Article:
It is well known that Camper Van Beethoven has been your main band for the last 30+ years. How does that work these days with you being in Sweden for the last many years?
Well, we had a schedule up until early this year where we would play the West Coast between Christmas and New Year’s, then do some middle US or the South or Texas, and the East Coast by President’s Day weekend in January, later adding in a festival (called Camp-In) in clubs in Athens, GA for the end of the month. As well, we started an indoor/outdoor stage festival in 2004 in Pioneertown (the Camp-Out) near Joshua Tree in California, which usually ran four days in late August or early September, so we’d tour to it or from it in the Southwest or Midwest, say, Chicago to Minneapolis, then south through Iowa, Kansas, Colorado, NM, AZ, to the Joshua Tree thing, or vice versa. So it was pretty easy when I moved here in 2012 to just fly to the US twice or three times a year and tour for a month or six weeks. In that time, we played in the UK once and in Germany/Austria. Since the singer also fronts Cracker, we almost always (except for the UK/EU) played with Cracker headlining. They had big 90s radio hits and are still the bigger draw, of course, more publicly recognised and accepted. At the festivals in Pioneertown and Athens, each band got headlining nights, and we all got solo sets to do songs or improvise, which I built a tradition of at the Camp-Out festivals, and then brought it indoors at the Flicker Bar in Athens for the past 4 or 5 years. I turned a lot of listeners on to the Øresund Space Collective in that way too, and Sista Maj. The truth is that even straight rock music listeners (like the Cracker fans, who are a little country, a little rock n roll, like a lot of 70s bands) like to hear a good jam, and the CVB rhythm section—who just happen to be half of the Monks of Doom—with me wailing on guitar, we can jam out some decent stuff now and again, so they were interested in hearing more, which was really cool to see happen. I’m sort of the “weirdo” of the band family, which is fine I guess.
It has been quite a few years since the last CVB studio album. Anything in the pipeline??
To be honest, I have no idea. We’ve each been on our own this year, there have been a couple attempts to work on things over the internet but it hasn’t amounted to much. Mostly concept album ideas that petered out, but damned if I didn’t try to write outlines for several songs based on North Korean popular propaganda song titles… Everybody in the band worked on solo projects, and Victor Krummenacher (bassist) also had band with Dave Alvin and David Immerglück called “The Third Mind” which put out a record of songs and jams, very cool stuff like covering Alice Coltrane or Butterfield Blues Band, and they were going to tour last spring, all cancelled.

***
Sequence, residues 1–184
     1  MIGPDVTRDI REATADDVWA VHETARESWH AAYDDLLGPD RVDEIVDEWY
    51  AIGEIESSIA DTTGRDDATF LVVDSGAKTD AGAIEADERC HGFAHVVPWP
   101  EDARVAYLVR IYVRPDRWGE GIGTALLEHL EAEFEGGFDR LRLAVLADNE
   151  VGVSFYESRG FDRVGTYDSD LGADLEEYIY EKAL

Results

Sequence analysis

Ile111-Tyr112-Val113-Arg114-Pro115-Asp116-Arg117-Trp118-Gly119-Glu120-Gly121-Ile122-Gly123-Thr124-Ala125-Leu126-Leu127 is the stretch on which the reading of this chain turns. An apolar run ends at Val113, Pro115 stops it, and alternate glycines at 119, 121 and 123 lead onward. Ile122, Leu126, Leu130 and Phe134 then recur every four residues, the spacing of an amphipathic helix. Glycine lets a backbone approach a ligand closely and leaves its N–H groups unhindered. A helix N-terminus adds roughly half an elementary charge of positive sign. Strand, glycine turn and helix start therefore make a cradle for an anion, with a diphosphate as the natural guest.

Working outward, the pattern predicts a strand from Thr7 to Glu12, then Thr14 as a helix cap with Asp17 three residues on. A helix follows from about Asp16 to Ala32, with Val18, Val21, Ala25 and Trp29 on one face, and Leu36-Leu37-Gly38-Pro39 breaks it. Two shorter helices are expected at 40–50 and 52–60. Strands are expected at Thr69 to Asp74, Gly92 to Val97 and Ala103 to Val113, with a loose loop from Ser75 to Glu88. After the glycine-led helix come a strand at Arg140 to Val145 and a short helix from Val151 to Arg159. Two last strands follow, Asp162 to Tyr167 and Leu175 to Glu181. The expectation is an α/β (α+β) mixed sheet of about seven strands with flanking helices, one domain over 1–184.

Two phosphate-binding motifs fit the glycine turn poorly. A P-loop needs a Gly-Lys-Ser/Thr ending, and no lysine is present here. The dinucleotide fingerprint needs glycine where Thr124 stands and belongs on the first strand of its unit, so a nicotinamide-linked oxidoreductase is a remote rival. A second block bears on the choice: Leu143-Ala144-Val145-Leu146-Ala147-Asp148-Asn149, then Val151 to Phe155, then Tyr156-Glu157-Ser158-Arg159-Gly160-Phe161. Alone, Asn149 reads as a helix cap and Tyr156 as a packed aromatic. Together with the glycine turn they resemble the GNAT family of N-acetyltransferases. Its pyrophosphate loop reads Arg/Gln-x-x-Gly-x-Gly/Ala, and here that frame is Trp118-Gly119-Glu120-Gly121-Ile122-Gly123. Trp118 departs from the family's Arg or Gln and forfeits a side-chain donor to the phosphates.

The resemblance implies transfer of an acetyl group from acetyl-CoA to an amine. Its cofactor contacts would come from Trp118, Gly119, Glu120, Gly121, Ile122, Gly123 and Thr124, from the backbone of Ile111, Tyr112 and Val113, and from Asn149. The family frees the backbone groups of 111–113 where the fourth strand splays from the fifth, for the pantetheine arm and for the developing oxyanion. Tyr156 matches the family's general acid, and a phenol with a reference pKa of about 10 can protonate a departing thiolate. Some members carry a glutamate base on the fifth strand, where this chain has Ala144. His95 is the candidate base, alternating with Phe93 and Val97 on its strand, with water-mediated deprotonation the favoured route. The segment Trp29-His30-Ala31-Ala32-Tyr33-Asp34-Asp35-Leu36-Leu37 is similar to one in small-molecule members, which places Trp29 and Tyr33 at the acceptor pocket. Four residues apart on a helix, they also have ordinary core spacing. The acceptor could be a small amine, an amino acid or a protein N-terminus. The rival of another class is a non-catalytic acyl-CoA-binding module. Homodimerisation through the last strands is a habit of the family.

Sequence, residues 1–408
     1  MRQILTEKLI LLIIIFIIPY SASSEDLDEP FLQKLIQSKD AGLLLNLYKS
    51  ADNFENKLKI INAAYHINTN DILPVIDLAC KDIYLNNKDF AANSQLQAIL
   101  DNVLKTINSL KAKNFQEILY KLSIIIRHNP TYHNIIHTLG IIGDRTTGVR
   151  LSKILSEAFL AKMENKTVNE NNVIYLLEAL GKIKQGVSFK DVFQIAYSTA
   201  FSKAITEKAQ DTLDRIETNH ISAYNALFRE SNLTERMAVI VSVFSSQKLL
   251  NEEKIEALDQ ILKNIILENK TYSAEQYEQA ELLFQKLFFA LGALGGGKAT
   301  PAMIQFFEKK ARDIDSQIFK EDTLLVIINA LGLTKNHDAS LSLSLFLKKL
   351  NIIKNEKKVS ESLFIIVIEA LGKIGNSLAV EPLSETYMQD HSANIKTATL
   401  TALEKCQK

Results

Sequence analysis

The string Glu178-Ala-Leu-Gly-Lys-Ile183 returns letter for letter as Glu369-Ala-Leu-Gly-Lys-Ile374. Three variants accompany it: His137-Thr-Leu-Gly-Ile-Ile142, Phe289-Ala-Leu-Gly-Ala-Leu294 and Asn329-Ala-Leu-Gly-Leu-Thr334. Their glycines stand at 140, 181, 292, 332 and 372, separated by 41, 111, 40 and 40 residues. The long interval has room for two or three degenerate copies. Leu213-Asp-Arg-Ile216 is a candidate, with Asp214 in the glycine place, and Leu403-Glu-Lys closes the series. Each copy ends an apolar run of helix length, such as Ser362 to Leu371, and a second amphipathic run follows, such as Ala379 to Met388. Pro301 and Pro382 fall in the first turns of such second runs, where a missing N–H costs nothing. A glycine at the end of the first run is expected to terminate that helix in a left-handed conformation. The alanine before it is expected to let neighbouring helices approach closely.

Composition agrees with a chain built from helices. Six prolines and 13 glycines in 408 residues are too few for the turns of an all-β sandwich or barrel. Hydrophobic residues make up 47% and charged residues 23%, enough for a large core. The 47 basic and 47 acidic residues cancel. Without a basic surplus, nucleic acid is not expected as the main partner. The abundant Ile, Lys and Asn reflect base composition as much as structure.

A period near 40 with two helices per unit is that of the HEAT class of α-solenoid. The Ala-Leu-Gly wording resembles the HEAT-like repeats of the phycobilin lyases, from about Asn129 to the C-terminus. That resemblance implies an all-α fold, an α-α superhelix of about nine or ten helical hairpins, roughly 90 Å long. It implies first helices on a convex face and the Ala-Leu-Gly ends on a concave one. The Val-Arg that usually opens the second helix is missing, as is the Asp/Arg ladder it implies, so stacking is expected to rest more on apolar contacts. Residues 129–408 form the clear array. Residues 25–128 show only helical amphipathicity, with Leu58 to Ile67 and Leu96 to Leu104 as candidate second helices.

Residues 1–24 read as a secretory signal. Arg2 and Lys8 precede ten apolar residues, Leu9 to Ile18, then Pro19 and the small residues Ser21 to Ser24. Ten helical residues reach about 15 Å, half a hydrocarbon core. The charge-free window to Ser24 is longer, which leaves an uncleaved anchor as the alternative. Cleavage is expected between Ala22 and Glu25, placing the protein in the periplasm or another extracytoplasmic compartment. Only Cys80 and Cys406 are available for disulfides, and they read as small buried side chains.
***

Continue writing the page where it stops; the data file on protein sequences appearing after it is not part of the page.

You were always quite busy with lots of music projects even when CVB was around. In the 90s you had a few groups like Hieronymous Firebrain and Dent, each of which made a few albums. What was HF like? How did you meet the guys in that band.
That band went through two distinct lineups, the first before it was even really named was with Berkeley guys from Barrington where we practiced, with David Immerglück (also Monks of Doom, in the Ophelias at the time. Later with Counting Crows, which he has stayed with as a career… ick, but what can you do. He’s an amazing guitarist, can play anything at all.) Immerglück got hired to make up for my absence in non-violin things after I got essentially kicked out of CVB in 1989 and they hired Morgan Fichter to play violin, so Hieronymus Firebrain v1 dissolved and I advertised in local mags (BAM, maybe? I can’t remember) and a Berkeley student named Russ Blackmar auditioned to play drums, and played everything off the HF tapes I sent him perfectly right off the bat, and a bass player from Oakland named Ted Ellison (later of then band Fuck) and then my then-roommate in SF Mark Bartlett played guitar and sang also. Mark was the person who convinced me to continue the band, and he’s a great player (look up Four and a Half Pounds of Sunlight sometime, if it’s even on the internet anywhere!) but what happened was that he and Ted got more and more proggy over the 90s while Russ and I got more Can and simpler. Eventually we broke up and Russ and I got his roommate, Jane Thompson, to play bass and formed a classic pop rock trio.
Dent was a project that came after HF broke up and you guys were living in rural New Mexico. What was life like for you there compared to the intense SF bay area? What was a day like? Did you guys just sit around and get stoned and play music?? The two CDs you made are quite interesting. One is more poppy mainstream while Verstärter, more experimental in someways. I always loved the title, There must be less to life than this!
Our friends in the band The Whitefronts, who were a psychedelic art collective, several of them moved out there to Questa and built a studio out of adobe, so we went there. We’d mostly just play when the mood struck us, work on things right there in the studio to record, make it up as we went along. In 1997, I moved to LA to work in a studio there, (film sound, doing sound effects and that sort of thing) so I just took the tapes and mixed them at home. Dent was whoever was around, which was often me or Victor (from CVB, Monks, etc) and the Whitefronts/Lords of Howling/Art of Flying people (go look them up!) but also sometime somebody coming off their drugs heading out in NM to dry out, but could play a lead somewhere, that sort of thing.